Newspapers and commentators have long reported on tensions in cities. I spoke to one Christian leader who said he recently went to a British city, long hailed as a hotbed of difficulties between groups, and physically felt the desperation and tension as he walked along the high street. I also know of a Christian community worker who was able to help a Muslim family engage in a long process of healing following a trauma, just because she knew them and could help.

Diluting faith?

Some in the Church find the concept of interreligious dialogue a challenge, arguing that once involved, our beliefs will be diluted and we will compromise in order to build good relations. But those involved in the work point to their cross-cultural experiences actually strengthening their Christian beliefs. As they discuss their faith with their Muslim neighbours or work together on a local issue such as bringing together

communities after the awful 7/7 bombings, eradicating a drug culture or donating clothes together to local refugees, they become more confident of their own gospel. Nick Coke, along with his wife Kerry, is the Salvation Army officer in charge of Hope asha church in Stepney, east London. With Bangladeshi Muslims making up 65 per cent of the Ocean Estate, Nick and Kerry live in the community and have developed strong relations over a number of years. “My wife and I spend a lot of time visiting and sharing meals. We meet people through our children who attend the school so we meet local kids and their families. We are intentional about sharing our lives and being in each other’s homes.” Nick also talks openly with his neighbours about faith. “We try to share who we are and our faith,” he says. “It is very easy to talk about it with our Muslim neighbours and we are open about sharing the gospel. Our Muslim friends tell us about Islam – we have lots of conversations on what we share and look at what our differences are.” As well as relational work, churches are also providing services to their communities expressing beliefs through action. Phil Rawlings, vicar at St Brides in Old Trafford, Manchester, tells me that as well as English classes, the church runs mother and toddler groups that are attended by large numbers of people from the Muslim community. “People feel it is a comfortable place – it’s safe,” says Phil. “The work we are doing here is not primarily about about evangelism it’s about relationship building.”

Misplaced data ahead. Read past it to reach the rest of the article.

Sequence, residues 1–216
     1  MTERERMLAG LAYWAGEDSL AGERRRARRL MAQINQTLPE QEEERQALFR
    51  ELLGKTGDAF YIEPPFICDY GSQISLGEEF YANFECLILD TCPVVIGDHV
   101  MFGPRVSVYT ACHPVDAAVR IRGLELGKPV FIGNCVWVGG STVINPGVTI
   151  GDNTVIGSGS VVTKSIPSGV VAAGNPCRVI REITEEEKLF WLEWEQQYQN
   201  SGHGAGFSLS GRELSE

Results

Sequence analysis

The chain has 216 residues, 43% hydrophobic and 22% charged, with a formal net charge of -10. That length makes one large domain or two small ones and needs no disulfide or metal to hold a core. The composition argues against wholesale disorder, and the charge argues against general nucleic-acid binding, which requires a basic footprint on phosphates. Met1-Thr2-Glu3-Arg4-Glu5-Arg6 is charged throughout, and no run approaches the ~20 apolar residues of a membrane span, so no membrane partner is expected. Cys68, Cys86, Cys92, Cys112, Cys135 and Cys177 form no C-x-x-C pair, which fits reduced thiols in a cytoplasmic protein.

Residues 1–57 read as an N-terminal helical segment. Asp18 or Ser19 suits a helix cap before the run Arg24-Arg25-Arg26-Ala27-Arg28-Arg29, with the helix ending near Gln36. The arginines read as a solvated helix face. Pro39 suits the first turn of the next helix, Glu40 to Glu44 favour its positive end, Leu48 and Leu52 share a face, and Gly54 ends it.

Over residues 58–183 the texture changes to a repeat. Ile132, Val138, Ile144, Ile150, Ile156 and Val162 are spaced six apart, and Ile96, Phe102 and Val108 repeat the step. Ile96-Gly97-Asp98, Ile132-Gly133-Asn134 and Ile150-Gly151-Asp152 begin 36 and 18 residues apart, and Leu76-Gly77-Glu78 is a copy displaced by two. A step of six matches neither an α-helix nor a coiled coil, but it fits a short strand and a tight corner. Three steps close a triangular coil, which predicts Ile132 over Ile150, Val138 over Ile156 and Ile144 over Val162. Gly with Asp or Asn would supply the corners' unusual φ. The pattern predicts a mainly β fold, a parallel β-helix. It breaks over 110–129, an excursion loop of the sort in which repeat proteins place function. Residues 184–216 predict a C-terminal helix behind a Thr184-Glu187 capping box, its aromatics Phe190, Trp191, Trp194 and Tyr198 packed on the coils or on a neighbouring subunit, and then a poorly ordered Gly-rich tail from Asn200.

Peaceful places

For Angela Hughes, minister at Stainbeck United Reformed Church in Leeds, reaching out to local people from different groups is

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The Springfield Centre, run by St Christopher’s in Birmingham, gives help to more than 1,000 children under-five and their families.

Peaceful places cont...